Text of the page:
A good-natured womanizer and a serial cheater form a platonic relationship that helps reform them in ways, while a mutual attraction sets in.
The year is 2002, and Lainey (Alison Brie) - don’t call her Elaine – is an 18 year-old hammering on a dorm room door trying to get the man inside to have sex with her. Fellow student Jake (Jason Sudeikis) is not that man, but he’s willing to let her hide out in his room when she’s about to get thrown out. They get to talking about sex, it turns out neither of them have first hand experience, and one magical night leads to… nothing at all, as they don’t see each other for the next 12 years.
Now Jake is a happy and financially successful womaniser, while Lainey is sabotaging any chance she has at a real relationship by clinging to the man (Adam Scott) she was trying to sleep with 12 years ago. When Jake and Lainey meet by chance at a sex addicts meeting, that old spark is still there, but with their respective pasts, they decide to keep their friendship platonic. They may have a safe word (“mousetrap”) for when things get too sexy, but what happens when they get too close emotionally?
The appeal of this film is obvious: Sudeikis and Brie are both extremely funny and easy on the eye, so having them talk about sex for 100 minutes is bound to be a good time. And individual scenes are often great, whether they’re very funny or surprisingly sad (Brie gets most of the sad scenes, where her huge eyes are deployed to lethal effect); the problem overall is that the leads often seem to be in completely different movies.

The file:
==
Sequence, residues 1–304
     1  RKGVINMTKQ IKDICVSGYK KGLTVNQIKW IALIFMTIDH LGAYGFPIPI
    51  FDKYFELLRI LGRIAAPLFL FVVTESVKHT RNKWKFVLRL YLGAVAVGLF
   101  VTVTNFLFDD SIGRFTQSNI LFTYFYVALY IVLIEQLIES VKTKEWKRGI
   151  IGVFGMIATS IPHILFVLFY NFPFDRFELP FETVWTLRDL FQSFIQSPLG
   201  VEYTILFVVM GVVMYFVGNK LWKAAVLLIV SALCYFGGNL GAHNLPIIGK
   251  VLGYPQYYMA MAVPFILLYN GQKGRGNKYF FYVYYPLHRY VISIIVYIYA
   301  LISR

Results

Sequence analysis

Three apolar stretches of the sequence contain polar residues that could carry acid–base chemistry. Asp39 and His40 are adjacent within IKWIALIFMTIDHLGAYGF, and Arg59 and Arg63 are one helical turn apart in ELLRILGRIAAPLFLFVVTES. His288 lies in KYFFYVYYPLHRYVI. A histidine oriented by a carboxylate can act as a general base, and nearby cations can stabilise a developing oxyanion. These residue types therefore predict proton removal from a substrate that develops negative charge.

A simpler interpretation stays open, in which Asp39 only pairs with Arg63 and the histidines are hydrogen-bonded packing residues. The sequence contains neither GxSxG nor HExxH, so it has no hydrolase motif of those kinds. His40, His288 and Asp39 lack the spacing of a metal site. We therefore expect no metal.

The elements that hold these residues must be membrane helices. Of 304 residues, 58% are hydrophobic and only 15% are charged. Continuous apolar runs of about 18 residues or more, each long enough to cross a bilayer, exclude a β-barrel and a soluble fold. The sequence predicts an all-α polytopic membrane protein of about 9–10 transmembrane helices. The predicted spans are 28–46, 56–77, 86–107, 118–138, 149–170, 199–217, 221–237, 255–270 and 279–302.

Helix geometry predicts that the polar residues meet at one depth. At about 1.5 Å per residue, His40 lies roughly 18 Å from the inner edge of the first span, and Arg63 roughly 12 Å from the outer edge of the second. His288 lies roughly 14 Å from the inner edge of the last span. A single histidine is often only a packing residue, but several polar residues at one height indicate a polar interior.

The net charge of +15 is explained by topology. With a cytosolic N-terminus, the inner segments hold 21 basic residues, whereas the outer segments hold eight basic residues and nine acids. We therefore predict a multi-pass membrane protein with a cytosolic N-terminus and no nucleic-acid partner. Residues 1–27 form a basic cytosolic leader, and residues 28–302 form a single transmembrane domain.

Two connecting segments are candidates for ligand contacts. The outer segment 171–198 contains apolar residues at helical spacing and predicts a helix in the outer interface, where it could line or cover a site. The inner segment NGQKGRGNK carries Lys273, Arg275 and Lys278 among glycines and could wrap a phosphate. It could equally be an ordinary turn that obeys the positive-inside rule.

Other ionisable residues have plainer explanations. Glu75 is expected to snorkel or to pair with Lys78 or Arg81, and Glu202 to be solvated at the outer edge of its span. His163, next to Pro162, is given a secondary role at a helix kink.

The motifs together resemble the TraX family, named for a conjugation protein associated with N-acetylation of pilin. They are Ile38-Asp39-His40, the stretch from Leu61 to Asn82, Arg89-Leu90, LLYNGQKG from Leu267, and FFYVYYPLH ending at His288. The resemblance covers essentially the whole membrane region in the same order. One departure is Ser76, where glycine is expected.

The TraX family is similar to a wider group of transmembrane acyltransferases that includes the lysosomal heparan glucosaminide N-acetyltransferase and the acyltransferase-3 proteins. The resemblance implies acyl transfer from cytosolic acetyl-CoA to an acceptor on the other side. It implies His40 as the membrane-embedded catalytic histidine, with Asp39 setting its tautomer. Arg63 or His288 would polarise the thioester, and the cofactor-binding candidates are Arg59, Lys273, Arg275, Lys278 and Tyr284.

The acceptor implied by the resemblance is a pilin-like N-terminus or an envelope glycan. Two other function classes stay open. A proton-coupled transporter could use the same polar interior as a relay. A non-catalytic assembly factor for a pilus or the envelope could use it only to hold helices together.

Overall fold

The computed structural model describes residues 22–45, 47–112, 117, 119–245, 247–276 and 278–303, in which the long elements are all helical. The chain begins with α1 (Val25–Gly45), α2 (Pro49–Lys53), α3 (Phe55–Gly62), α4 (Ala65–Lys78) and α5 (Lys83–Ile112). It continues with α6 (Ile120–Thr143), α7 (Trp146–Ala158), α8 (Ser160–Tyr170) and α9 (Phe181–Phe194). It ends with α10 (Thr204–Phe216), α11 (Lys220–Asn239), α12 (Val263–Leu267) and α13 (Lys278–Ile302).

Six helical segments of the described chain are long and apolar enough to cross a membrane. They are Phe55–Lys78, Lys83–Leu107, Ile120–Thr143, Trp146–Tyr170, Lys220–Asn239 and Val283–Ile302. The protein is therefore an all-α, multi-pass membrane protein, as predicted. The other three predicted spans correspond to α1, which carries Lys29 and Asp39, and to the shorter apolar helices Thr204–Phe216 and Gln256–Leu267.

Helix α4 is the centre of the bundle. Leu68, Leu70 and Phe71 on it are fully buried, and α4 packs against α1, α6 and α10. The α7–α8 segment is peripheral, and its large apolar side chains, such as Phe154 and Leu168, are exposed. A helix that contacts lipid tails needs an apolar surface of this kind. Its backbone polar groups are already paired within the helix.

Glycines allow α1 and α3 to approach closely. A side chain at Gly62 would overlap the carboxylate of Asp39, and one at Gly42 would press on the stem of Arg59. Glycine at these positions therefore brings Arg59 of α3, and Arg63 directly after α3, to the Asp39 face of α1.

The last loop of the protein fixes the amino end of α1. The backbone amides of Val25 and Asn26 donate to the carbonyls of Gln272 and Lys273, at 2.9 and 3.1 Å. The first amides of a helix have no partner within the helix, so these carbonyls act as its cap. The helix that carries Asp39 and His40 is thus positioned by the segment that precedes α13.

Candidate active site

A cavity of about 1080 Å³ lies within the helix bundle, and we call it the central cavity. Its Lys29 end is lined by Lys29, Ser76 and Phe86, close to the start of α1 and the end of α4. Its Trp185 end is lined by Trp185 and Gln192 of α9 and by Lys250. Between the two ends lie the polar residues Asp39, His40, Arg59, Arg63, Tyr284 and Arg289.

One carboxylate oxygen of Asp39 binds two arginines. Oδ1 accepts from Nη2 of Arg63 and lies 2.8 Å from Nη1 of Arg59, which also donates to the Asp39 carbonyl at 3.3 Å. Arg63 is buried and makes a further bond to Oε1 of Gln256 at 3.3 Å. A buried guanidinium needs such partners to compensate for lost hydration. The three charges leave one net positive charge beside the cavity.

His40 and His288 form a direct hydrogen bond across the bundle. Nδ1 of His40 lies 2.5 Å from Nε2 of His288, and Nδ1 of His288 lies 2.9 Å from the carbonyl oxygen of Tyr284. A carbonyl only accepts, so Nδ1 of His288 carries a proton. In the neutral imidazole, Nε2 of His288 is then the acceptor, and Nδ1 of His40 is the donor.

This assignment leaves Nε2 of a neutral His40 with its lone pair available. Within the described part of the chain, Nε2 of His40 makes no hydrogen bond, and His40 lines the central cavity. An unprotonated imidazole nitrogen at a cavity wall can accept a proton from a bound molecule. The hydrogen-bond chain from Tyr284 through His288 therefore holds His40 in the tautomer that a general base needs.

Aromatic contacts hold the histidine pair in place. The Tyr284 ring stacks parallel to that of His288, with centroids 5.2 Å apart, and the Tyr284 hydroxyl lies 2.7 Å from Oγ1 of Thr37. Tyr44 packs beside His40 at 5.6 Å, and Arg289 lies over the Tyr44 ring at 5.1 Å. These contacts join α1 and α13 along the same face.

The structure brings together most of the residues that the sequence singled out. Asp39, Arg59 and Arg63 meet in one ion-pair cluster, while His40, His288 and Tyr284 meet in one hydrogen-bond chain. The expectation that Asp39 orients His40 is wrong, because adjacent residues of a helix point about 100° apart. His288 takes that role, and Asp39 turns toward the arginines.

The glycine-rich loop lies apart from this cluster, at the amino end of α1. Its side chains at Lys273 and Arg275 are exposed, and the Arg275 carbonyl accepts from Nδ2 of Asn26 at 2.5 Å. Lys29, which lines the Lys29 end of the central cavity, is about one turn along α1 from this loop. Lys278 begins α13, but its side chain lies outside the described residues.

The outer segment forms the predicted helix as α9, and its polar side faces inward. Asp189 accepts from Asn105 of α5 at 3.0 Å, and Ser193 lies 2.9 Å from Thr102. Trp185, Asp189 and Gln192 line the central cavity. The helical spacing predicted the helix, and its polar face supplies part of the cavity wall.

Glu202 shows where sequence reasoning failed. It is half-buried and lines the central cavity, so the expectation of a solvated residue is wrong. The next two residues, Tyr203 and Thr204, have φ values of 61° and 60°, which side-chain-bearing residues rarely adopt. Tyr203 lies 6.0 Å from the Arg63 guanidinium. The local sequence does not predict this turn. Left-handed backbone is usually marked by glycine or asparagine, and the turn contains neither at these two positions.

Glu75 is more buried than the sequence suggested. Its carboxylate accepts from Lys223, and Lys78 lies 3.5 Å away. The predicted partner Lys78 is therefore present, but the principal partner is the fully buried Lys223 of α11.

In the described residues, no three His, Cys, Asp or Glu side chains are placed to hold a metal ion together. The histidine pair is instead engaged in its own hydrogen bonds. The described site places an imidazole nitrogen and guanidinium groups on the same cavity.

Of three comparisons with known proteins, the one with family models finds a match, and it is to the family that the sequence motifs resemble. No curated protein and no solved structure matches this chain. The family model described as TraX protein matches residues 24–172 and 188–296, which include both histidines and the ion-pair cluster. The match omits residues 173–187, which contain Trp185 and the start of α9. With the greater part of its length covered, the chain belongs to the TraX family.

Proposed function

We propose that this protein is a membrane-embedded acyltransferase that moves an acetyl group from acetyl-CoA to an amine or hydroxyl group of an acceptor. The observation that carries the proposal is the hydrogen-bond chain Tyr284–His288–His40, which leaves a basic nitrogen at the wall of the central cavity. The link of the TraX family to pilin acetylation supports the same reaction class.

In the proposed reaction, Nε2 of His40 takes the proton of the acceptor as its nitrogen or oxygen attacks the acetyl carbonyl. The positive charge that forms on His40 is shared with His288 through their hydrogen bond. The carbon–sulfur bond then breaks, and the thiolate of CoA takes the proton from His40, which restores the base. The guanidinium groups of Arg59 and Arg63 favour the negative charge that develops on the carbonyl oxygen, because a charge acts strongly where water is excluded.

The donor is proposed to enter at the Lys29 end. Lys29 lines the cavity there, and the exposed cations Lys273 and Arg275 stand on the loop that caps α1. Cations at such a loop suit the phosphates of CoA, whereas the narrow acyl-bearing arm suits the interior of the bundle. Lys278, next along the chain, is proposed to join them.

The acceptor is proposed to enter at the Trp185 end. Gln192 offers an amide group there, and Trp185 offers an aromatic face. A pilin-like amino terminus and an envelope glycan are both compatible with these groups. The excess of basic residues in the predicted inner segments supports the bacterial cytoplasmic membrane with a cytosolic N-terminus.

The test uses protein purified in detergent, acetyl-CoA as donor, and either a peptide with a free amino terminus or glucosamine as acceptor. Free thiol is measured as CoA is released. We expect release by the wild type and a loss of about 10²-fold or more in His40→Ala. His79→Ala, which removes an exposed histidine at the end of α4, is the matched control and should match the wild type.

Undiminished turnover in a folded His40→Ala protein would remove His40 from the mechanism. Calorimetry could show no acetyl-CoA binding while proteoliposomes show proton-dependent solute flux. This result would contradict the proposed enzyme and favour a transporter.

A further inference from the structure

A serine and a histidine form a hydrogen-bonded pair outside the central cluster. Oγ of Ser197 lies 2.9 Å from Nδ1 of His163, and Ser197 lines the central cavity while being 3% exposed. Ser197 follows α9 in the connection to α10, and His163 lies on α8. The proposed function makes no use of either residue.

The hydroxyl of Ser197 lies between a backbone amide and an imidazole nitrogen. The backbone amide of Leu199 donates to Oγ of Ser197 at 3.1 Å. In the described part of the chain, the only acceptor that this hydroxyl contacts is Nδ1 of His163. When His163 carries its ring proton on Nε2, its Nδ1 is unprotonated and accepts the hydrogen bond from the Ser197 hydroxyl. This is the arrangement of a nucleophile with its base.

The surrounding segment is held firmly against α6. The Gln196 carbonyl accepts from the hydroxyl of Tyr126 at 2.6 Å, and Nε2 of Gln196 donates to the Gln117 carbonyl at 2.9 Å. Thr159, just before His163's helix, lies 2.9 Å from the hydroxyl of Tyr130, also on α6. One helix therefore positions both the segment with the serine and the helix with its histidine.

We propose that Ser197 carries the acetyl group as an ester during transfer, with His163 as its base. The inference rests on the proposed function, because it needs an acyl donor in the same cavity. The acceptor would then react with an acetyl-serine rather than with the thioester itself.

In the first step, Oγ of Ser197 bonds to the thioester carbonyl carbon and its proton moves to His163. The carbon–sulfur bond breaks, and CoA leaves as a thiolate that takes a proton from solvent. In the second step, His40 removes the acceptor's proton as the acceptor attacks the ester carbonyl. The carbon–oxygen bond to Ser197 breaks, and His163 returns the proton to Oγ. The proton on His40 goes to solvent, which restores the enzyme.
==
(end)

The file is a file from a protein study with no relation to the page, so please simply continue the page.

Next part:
"It’s hard to know how to react"
Jake gets the more familiar story. He’s a charming, good-natured, yet immature ladies' man, who meets a woman who somehow resists his advances and by having a non-physical relationship with her, he grows up and realises there’s more to love than just sex. Lainey’s tale is a darker one. Her personal development has been stifled by her ongoing attraction to an emotionally distant man, and when he moves on, she’s forced to lean hard on her best friend to try and put her shattered life back together.
They’re both decent enough plots - though giving her the joyless sex life seems a bit cruel: why is it that he’s at the sex addicts meeting for the hell of it while she’s there because she’s hit rock bottom? But it’s the difference in tone between their two stories that damages the film. The strong chemistry between Brie and Sudeikis makes this feel more cohesive than it actually is, but without a consistent tone underlying the jokes, it’s hard to know how to react. Is a scene where Jake teaches Lainey how to masturbate using a green tea bottle fun, or just a little weird? Is the duo turning up at a kid’s birthday party on ecstasy funny, or just a little sad? A more sure-footed film could make those scenes be both things at once; without a unified tone, too often they don’t work either way.